In Plain English: Native OS X provisioning

Learn what OS X provisioning is and discover a workflow to help you put it to use in your environment.

April 30 2015 by

Businesses and schools often need to add software, apps, and settings onto Mac computers following the initial purchase of hardware. To accomplish this, machines are imaged or provisioned— meaning content that wasn’t part of the original Operating System (OS) has been deployed and added.

Native OS X provisioning emerges
As a few methods for deploying content surfaced, with middling success, Native OS X provisioning was introduced. The basis for Native OS X provisioning is to start with a clean OS that has been tested by Apple or another vendor, IT then uses enrollment programs, such Apple’s Device Enrollment Program (DEP) or web enrollment to manage the OS.

Casper Suite and Native OS X provisioning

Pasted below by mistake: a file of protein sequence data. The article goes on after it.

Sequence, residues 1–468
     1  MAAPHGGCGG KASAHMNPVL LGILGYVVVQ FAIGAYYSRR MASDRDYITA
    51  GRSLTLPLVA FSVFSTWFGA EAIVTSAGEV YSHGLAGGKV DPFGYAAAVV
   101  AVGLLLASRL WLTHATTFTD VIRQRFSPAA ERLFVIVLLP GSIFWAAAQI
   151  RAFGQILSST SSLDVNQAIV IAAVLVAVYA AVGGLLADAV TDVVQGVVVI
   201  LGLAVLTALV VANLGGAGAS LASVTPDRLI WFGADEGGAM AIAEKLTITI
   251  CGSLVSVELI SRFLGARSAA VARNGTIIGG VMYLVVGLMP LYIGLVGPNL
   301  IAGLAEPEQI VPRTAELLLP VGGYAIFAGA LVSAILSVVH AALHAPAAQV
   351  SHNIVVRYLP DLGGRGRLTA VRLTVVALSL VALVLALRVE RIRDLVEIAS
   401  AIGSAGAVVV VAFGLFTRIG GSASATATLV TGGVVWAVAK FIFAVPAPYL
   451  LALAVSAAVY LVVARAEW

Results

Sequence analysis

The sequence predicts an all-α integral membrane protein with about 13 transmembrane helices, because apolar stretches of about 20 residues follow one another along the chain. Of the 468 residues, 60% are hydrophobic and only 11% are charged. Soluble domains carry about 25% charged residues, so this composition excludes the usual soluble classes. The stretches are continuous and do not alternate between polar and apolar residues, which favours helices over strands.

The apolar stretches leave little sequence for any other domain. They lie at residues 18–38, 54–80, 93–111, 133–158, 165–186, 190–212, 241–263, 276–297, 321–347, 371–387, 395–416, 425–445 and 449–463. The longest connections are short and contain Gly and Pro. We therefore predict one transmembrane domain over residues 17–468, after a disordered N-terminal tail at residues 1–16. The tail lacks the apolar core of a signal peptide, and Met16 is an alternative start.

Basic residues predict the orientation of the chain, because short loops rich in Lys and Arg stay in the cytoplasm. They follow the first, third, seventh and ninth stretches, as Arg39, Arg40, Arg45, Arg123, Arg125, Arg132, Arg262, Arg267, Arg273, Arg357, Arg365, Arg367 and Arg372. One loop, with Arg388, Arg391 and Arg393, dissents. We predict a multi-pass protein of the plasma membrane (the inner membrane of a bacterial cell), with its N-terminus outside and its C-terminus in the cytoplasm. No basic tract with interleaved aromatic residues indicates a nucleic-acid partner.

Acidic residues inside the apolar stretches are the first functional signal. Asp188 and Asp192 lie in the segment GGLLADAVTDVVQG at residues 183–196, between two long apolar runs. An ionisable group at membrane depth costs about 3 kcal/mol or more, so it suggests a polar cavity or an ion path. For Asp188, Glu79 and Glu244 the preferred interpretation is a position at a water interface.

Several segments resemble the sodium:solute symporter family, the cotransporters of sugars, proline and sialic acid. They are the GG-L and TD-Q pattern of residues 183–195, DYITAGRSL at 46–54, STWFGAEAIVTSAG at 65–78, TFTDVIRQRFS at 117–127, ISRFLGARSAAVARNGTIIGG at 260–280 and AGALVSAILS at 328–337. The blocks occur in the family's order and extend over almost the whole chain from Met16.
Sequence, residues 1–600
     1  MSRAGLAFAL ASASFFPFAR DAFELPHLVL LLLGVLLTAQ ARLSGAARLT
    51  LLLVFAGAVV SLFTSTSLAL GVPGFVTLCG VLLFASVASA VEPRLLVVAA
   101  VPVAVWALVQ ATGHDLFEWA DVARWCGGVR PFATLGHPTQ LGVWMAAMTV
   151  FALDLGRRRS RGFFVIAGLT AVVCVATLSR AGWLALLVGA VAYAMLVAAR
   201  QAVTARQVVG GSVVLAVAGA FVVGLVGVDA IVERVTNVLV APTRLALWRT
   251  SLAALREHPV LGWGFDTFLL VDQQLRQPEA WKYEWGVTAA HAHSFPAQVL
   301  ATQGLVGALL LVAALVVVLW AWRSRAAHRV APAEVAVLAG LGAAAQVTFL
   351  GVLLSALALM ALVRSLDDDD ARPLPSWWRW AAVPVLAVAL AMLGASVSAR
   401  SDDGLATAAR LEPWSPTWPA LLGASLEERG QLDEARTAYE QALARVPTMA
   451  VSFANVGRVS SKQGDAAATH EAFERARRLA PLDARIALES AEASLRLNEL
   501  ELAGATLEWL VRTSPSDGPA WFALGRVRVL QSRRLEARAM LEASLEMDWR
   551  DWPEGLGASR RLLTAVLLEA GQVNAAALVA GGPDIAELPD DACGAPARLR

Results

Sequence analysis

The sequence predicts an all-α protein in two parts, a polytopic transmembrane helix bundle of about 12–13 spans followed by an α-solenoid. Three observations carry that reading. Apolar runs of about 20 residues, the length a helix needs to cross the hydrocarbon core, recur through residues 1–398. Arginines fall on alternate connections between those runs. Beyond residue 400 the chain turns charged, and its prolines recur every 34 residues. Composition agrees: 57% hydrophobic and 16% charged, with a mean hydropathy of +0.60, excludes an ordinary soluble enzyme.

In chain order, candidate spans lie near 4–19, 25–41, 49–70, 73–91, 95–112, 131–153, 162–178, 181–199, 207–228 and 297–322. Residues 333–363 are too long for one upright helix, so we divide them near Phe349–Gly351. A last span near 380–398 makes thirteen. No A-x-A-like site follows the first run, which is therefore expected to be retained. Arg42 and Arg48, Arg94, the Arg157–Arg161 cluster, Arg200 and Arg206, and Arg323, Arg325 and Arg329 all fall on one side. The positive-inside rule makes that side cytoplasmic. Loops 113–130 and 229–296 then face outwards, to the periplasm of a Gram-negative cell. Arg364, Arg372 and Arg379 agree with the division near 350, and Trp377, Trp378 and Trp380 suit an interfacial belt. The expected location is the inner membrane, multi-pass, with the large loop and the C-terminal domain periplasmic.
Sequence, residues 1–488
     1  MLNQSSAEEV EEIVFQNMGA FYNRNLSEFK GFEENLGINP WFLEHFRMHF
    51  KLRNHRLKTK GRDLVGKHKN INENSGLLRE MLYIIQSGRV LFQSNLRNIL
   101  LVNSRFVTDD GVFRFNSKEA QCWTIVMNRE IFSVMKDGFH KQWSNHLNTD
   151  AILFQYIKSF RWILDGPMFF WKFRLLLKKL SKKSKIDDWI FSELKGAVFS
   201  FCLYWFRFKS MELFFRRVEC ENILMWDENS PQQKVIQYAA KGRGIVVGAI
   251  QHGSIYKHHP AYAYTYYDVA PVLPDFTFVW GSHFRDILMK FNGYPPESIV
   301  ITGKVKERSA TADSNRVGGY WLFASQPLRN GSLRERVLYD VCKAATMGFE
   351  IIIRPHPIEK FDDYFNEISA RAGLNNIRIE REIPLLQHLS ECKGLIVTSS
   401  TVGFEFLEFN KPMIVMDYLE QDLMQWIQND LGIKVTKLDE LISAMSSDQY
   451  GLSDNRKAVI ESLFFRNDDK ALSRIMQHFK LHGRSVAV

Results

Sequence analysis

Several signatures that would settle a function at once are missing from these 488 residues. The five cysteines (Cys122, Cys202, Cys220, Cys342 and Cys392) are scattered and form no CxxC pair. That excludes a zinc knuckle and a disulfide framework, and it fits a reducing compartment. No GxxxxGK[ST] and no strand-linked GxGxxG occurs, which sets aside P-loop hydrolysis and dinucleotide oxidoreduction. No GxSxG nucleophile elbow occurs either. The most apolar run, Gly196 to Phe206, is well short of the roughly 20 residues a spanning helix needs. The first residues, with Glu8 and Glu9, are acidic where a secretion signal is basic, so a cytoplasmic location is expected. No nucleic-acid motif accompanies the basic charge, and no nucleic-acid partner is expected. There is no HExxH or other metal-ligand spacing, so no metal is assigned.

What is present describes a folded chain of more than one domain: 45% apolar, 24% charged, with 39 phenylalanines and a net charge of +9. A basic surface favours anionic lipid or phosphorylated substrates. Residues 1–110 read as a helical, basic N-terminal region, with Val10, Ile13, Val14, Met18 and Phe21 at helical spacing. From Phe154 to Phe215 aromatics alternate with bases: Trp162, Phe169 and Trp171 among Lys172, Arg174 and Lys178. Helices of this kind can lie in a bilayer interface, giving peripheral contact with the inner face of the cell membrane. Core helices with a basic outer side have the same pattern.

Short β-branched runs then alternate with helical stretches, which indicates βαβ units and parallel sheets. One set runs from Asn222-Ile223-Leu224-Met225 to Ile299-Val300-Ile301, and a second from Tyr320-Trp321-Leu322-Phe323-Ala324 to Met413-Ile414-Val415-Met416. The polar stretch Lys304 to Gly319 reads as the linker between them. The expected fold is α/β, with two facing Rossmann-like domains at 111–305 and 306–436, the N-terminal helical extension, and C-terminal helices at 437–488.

By using the Casper Suite, and its Smart Groups feature, IT can determine the state of the OS and apply policies (scope policies to Smart Groups) to transform the OS to the desired state.

Example of a Native OS X provisioning workflow:

  1. Receive a clean OS from Apple
  2. Management is applied (via DEP or web enrollment)
  3. Active Directory binds
  4. Management account is installed
  5. Initial root account is removed/replaced with management account
  6. FileVault 2 is enabled
  7. Sensitive data/applications are installed
  8. Auxiliary applications are made available for use via Self Service

Learn more about ways the Casper Suite helps IT admins turn a bare-boned OS into a fully customized OS that’s ready for use. 

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